Giant Invisible Pulsating Electromagnetic Sphere Hovering Above My Orange Settee


The emergence of the digital city can be traced back to the end of 2003 and the beginning of 2004. WIFI was just starting to have an impact on peoples’ everyday life. The 802.11g standard had been launched giving WIFI faster speeds and enabling coverage over much greater distances. This was greeted with a utopian political movement, led by activist groups such as YouAreHere [1] in London and free2air in Berlin. Their aim was to build and mesh local area wireless networks to provide communities with Open Distributed Public Wireless (ODPW). YouAreHere set itself the goal of developing a wireless backbone reaching from Limehouse to Hackney Central. They constructed a series of masts at strategic sites along the route. One of the most significant masts was mounted on the top of Limehouse Town Hall, which also housed the headquarters of the London Psychogeographical Association (LPA) [2].

At the same time, third generation (3G) wireless mobile telecommunications technology was rapidly being introduced to providing faster internet speeds for mobile devices. In contrast to the optimism of the ODPW activists, the introduction of 3G was met with anxiety, paranoia and fear. The roll-out of 3G technology involved the siting of a network of mobile phone masts throughout the country. In East London, the rooftops of high rise buildings on working class estates were chosen to locate the majority of these masts. Around the country, residents had begun tearing down mobile-phone masts, as public concerns over the untested health impact of the radiation they emit hit national headlines. The Telegraph reported [3] that in one week as many as four masts were destroyed in a campaign to stop them being placed on top of, or close to, peoples’ houses. Working class people accused the mobile phone companies of using them as guinea pigs. In Hackney, a group of Kurdish activists chained themselves to a mast while it was still on the lorry delivering it to be installed on the roof of their block. In London Fields, one 90 year old resident of the Wayman Court estate refused to move from a site adjacent to his flat that had been given planning permission for a mast.

In this febrile atmosphere of utopianism and paranoia, it was clear that the construction of wireless and mobile networks signalled a significant transformation of the landscape. I purchased an A-Com receiver used by telecoms engineers and started to listen to the new world of data transmissions. The crackle of white noise greeted me as I switched it on. I noticed a distant pulsing signal that drew me towards it. I was in the front room of my flat and its intensity increased as I started to approach my settee. The sound throbbed with metallic bass tones. I moved my receiver towards the settee then back again. The signal was surprisingly spatial. I carefully traced its shape revealing an invisible pulsating electromagnetic sphere hovering above my orange settee. From that moment, I saw the city as overlaid with invisible lines, shapes and structures, a coded geometry of machine to machine interactions beyond our perception.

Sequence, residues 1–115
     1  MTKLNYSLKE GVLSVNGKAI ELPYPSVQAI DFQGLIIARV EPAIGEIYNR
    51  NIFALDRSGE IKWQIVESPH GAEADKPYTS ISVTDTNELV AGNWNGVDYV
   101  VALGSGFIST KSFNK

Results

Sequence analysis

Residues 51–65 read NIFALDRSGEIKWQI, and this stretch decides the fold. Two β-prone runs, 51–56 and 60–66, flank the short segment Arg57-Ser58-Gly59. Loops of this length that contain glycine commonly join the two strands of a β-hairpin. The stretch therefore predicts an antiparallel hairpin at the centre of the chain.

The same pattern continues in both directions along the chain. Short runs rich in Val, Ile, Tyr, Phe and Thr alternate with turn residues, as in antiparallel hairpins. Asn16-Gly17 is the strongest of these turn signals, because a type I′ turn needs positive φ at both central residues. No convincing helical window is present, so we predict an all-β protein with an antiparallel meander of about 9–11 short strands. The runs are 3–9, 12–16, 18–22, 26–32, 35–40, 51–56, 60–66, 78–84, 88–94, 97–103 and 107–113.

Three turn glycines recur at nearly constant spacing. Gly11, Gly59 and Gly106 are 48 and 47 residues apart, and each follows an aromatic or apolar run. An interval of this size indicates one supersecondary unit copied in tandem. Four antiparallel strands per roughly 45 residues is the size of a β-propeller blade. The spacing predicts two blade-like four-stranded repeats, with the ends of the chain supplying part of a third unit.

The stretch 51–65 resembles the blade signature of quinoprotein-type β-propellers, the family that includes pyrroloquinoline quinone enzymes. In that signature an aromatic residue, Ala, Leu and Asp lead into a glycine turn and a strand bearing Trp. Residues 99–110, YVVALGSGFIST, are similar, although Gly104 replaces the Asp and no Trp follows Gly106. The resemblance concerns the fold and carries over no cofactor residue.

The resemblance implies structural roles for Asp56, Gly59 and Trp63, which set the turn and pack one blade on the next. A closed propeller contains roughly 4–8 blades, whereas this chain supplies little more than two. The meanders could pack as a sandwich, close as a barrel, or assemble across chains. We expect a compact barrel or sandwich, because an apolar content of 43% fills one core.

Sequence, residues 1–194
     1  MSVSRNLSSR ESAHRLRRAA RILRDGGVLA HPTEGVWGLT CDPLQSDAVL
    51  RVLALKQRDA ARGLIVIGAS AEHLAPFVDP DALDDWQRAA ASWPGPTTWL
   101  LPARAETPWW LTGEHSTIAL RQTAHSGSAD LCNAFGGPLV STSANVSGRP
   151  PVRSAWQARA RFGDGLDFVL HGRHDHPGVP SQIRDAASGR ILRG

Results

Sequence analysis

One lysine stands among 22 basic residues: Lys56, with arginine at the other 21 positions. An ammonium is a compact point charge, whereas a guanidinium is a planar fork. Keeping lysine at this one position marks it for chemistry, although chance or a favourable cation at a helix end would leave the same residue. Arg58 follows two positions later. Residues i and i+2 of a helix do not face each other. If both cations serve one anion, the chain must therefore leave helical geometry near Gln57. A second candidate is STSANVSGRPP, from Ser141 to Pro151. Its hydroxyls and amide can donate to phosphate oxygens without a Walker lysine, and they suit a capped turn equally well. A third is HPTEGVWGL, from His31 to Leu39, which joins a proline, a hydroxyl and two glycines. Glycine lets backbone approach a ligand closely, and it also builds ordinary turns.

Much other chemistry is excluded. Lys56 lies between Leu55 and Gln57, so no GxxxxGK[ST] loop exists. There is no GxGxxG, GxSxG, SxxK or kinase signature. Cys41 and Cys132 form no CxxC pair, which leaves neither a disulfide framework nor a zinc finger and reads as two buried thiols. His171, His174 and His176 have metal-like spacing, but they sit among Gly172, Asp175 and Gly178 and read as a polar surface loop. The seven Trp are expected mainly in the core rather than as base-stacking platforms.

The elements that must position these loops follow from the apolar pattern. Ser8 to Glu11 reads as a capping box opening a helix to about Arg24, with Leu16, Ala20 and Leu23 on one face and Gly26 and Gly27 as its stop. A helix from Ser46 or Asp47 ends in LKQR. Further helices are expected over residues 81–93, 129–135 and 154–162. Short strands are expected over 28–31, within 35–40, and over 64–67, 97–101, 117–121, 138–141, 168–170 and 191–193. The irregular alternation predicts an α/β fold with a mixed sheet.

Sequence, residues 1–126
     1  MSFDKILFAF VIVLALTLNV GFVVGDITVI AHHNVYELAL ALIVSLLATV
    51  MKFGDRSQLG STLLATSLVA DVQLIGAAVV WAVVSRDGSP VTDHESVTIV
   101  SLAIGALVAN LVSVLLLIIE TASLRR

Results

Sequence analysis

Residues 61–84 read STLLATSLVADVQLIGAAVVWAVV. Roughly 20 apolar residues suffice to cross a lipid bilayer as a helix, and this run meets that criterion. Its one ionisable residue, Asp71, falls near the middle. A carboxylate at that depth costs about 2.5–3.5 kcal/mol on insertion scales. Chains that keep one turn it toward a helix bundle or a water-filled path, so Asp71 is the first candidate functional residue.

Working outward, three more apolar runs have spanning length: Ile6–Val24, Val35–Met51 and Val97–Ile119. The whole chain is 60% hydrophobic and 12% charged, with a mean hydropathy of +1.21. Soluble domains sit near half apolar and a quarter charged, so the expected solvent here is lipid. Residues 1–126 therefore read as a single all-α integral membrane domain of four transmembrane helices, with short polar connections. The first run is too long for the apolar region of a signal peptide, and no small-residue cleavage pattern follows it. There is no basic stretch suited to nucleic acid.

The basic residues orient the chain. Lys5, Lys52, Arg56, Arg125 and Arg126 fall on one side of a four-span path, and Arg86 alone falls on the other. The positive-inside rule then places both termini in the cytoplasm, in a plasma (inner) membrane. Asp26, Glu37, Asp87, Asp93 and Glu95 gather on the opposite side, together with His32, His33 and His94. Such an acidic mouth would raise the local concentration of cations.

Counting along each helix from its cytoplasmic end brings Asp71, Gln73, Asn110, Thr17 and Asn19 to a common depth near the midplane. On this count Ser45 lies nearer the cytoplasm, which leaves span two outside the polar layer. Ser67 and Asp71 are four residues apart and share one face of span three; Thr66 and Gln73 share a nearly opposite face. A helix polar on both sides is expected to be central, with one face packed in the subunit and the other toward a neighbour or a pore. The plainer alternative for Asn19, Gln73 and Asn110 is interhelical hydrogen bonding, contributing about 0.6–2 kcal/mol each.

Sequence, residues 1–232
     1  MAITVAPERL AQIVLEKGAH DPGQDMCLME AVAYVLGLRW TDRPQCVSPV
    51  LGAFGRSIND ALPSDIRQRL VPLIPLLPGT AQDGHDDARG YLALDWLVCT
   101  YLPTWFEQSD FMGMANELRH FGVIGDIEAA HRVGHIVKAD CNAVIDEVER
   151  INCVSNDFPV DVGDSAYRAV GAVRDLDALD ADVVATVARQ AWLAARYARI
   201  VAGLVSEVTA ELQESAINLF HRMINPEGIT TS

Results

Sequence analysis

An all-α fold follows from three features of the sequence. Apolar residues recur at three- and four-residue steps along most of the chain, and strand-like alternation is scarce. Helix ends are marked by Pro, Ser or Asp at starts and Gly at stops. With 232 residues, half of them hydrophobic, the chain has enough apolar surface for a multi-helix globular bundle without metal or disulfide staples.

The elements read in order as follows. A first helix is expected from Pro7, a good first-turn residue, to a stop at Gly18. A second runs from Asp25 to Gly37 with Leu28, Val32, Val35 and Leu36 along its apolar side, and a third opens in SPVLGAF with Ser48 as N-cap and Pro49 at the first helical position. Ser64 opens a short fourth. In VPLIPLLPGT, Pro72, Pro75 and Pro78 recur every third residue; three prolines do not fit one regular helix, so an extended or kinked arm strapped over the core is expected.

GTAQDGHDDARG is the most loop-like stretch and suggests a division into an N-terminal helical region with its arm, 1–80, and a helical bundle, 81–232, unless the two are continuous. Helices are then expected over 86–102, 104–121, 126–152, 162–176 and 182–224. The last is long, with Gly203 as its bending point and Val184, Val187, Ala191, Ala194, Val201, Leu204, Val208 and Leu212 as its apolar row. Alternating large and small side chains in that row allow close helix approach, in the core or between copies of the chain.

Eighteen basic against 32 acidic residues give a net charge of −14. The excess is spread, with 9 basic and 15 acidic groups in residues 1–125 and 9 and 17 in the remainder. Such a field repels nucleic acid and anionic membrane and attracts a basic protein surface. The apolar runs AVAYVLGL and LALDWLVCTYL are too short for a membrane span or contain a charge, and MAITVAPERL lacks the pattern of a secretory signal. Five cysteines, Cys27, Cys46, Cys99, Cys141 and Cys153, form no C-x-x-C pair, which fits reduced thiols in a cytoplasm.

As the UK prepares to introduce 5G cellular network technology, I am struck by an overwhelming sense of Déjà vu. Time seems to be punctured by accelerating epochs of pseudo progress X to the power n. 5G transmissions are broadcast on frequencies between 3.4 – 3.6GHz. These waves travel shorter distances through urban spaces, so 5G networks require more transmitter masts than previous technologies, positioned closer to ground level. The construction of the 5G network has sparked viral conspiracies, renewed health fears and an angle grinder attack by residents of one working class estate in Manchester. The next generation of utopian media artists are already presenting critical 5G projects at media arts festivals.


CODED GEOMETRY is scanning the 3.4 to 3.6GHz spectrum using new antenna designs connected to Software Defined Radio (SDR). We are conducting research analysing and mapping the structures, invisible geographies and ambience this technology is bringing into being. Researching the spatial aesthetics these new circuits of digitality are bringing forth. Asking how they will shape our understand and experience of space and spatiality which are already inscribed by, but not reducible to, digital systems.


[1] For more information about YouAreHere see –

[2] The LPA was originally suggested by the British artist Ralph Rumney in 1957 and reinvoked, in the early 1990s as the LPA East London Section. For more information see –

[3] See Daniel Foggo, 30 Nov 2003, Protesters topple mobile phone masts as health scare spreads, The Telegraph. see –


CODED GEOMETRY :: Dark Side of the Earth

CODED GEOMETRY will collaborate in an experiment with the Indigo Mind Project.  A brain-computer interface that reads fluctuating electro-encephalograph (EEG) signals and maps them to compose a multilayered soundscape.

CODED GEOMETRY will explore nonlinear neuro-feedback and affective responses through a complex circuit of interchange, both responding to the soundscape being produced by the participants psycho-physiological state but also by affecting the participants psycho-physiological state through the projected images of a live digital drift through the glitchy, militarised and contested space of GIS satellite imaging.

The experiment will take place on Wednesday 23rd March from 6pm -8pm

Emotion lab,
Docklands Campus,
University of East London

Part of: Affect and Social Media Symposium & Sensorium exhibition.

Report from Jonathan Kemp’s : “Telluro-geo-psycho-modulator” workshop and field trip

Loughton Camp
Loughton Camp